The fruit of thanksgiving should be evident in the Christian, not only for temporal blessings, but for the cross. Paul was persecuted beyond measure, merely for his faith in God, yet he said, “Thanks be to God for his unspeakable gift” (2 Corinthians 9:13).
As Christians, we should have the fruit of holiness. We should be separated from this world, with all of its corruption, to God. We should have evidence of our repentance. If we have stolen, we will return what isn’t ours. We will set right (where possible) that which we have wronged. Lastly, we will possess the fruit of the Spirit. If we are rooted and grounded in Him, we will have the fruits of His character hanging from the branches of our lives. Do we have love that cares for others? Do we care enough about the salvation of sinners to put feet to our prayers and take the gospel to them? Love is not passive. It will not be self-indulgent while others suffer. It is empathetic.
If we haven’t giving place to the devil, what is he doing in our lives? There must be good reason for him to be there. The only reasonable conclusion is that God has given permission. This happened in the book of Job. God allowed Satan to buffet Job so that he would grow in his faith in God. As I have said before, God has given us the Book of Job for our admonition and instruction.
Study the following verse from the Amplified Bible:
It is God who is all the while effectually at work in you [energizing and creating in you the power and desire], both to will and to work for His good pleasure and satisfaction and delight (Philippians 2:13).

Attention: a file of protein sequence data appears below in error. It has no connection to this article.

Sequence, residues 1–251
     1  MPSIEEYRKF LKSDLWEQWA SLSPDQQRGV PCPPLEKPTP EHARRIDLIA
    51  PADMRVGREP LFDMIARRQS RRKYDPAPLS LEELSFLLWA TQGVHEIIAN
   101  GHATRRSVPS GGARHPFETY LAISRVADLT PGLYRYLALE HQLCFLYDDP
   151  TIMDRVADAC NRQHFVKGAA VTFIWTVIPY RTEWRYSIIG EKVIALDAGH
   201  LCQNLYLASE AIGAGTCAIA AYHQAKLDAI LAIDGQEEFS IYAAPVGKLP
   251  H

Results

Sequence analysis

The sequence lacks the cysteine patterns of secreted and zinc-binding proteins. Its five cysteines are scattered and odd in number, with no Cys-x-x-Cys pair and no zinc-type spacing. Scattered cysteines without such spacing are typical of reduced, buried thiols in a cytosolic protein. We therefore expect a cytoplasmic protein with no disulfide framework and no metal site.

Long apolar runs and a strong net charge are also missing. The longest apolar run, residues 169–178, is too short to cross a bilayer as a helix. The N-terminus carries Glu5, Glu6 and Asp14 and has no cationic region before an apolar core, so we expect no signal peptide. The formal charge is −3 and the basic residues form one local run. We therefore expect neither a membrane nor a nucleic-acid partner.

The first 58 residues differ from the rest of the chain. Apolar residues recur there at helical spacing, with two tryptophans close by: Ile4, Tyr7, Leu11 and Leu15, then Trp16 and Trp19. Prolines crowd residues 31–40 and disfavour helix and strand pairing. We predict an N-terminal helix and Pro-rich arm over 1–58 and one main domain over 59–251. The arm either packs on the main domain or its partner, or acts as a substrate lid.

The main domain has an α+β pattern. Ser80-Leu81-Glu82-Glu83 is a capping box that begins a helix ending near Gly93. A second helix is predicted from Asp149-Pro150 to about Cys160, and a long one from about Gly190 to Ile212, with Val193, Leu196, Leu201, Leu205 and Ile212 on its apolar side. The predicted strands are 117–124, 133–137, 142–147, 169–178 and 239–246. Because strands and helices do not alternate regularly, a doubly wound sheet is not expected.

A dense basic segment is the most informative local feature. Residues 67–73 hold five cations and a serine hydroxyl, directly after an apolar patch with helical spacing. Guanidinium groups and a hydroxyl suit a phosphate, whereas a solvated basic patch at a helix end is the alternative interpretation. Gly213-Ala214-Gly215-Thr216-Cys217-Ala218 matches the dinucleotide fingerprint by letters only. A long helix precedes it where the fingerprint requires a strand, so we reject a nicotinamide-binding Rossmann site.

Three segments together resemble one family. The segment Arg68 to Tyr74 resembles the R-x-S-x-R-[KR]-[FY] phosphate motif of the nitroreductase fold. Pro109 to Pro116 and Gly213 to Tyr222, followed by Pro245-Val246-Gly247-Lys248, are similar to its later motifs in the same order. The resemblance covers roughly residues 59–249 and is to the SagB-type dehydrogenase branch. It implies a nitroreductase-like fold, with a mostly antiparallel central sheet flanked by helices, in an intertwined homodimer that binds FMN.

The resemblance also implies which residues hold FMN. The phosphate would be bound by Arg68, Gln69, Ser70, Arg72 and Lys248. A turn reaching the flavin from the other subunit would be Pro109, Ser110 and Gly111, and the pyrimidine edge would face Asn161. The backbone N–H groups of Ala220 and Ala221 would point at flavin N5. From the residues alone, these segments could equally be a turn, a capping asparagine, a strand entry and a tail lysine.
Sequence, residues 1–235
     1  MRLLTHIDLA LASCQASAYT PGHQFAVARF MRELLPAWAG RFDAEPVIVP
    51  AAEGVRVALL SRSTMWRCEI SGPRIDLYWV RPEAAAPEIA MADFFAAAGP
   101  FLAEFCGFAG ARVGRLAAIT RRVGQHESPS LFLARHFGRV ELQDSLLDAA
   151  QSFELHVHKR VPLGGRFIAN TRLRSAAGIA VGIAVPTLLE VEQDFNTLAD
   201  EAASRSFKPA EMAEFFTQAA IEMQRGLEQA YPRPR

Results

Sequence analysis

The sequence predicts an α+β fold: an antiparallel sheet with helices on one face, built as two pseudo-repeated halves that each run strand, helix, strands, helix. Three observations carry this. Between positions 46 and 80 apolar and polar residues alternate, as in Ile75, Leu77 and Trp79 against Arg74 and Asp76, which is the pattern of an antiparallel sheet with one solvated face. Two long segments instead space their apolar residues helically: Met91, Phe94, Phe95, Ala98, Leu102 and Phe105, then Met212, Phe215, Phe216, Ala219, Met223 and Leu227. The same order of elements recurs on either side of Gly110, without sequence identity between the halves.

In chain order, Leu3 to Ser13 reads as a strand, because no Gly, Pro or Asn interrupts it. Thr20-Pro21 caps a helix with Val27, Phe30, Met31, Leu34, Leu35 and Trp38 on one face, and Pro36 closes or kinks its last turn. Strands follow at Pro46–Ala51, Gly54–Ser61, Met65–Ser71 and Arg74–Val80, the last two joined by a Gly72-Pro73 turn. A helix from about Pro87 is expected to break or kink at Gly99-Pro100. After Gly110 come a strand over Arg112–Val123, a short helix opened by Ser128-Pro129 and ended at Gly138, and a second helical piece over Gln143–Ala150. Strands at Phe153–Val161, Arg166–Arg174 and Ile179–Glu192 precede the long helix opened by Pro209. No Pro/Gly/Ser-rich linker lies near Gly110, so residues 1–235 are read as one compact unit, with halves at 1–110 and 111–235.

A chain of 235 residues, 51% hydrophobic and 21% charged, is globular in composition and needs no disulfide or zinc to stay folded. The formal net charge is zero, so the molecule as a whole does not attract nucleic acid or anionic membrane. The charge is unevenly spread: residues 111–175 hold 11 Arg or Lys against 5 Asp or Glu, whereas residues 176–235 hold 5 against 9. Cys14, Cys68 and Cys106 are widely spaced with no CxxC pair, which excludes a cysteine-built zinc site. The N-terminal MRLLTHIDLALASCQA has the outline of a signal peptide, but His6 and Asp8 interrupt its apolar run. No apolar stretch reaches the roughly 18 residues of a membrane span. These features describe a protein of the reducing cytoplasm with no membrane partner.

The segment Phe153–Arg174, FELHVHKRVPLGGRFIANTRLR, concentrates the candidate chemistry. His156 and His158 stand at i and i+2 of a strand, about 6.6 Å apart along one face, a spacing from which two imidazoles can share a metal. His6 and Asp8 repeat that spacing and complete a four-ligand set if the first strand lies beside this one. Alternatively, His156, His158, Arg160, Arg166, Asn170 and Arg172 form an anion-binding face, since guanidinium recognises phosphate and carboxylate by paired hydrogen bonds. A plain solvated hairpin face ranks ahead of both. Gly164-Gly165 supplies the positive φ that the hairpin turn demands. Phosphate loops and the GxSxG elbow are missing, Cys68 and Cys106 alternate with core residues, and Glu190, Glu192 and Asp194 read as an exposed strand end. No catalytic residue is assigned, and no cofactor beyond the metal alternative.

We have established that God is at work in you. You have this demonic “buffeting” from which God will not presently deliver you because He is doing a good work in you. Therefore, what should be your attitude to this good work He is doing? It should be one of joy – because your joy is evidence of how much you trust God. If you trust Him, then you will rejoice for His goodness, and that joy will be strength to you.
Take for instance a world champion boxer. His coach loves him to a point where he wants him above all things to be a winner. So what does the coach do –buy him a sofa, a TV, and potato chips? No. Instead, he places weights on his shoulders and resistance against his arms. He will even look around for the toughest sparring partner he can find. If the boxer doesn’t understand what his trainer is doing, if he doesn’t have faith in his methods, he will get depressed and lose heart. But is he knows what’s going on, he will rejoice now in the trials because he sees, through the eyes of faith, the finished product.
That’s why God is letting the devil loose on you: to make you strong. Paul says,